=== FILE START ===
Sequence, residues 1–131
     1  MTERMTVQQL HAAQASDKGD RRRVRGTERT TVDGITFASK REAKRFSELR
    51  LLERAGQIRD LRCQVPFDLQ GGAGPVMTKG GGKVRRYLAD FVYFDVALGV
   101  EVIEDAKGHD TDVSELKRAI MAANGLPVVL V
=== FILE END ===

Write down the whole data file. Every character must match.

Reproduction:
Sequence, residues 1–131
     1  MTERMTVQQL HAAQASDKGD RRRVRGTERT TVDGITFASK REAKRFSELR
    51  LLERAGQIRD LRCQVPFDLQ GGAGPVMTKG GGKVRRYLAD FVYFDVALGV
   101  EVIEDAKGHD TDVSELKRAI MAANGLPVVL V